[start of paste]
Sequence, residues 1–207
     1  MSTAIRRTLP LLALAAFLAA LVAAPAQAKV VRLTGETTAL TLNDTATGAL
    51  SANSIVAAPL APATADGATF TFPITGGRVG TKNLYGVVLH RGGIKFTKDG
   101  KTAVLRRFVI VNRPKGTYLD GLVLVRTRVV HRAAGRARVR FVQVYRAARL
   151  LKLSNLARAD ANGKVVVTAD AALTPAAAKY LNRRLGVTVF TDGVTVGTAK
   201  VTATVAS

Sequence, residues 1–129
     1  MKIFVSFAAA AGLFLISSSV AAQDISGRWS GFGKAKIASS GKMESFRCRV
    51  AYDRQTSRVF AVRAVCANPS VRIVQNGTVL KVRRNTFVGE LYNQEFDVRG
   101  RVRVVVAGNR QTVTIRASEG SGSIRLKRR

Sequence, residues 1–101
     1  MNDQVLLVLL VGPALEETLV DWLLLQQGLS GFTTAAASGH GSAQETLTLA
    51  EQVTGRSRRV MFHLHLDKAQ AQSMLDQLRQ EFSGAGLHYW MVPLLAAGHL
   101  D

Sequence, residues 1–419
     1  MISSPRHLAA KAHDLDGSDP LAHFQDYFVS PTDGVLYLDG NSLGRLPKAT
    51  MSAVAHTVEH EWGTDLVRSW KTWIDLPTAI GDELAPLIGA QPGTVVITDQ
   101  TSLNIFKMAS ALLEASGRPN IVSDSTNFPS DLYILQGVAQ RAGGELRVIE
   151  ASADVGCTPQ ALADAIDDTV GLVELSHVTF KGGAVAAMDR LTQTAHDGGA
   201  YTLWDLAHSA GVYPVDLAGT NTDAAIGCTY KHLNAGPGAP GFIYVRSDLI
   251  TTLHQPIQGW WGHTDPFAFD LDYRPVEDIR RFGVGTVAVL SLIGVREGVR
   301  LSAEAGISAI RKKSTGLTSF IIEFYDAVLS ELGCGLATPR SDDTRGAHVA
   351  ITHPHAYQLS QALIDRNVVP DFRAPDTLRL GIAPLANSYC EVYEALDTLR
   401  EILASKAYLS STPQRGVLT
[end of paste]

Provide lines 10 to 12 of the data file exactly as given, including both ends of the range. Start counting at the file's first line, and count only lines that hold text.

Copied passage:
   101  RVRVVVAGNR QTVTIRASEG SGSIRLKRR

Sequence, residues 1–101
     1  MNDQVLLVLL VGPALEETLV DWLLLQQGLS GFTTAAASGH GSAQETLTLA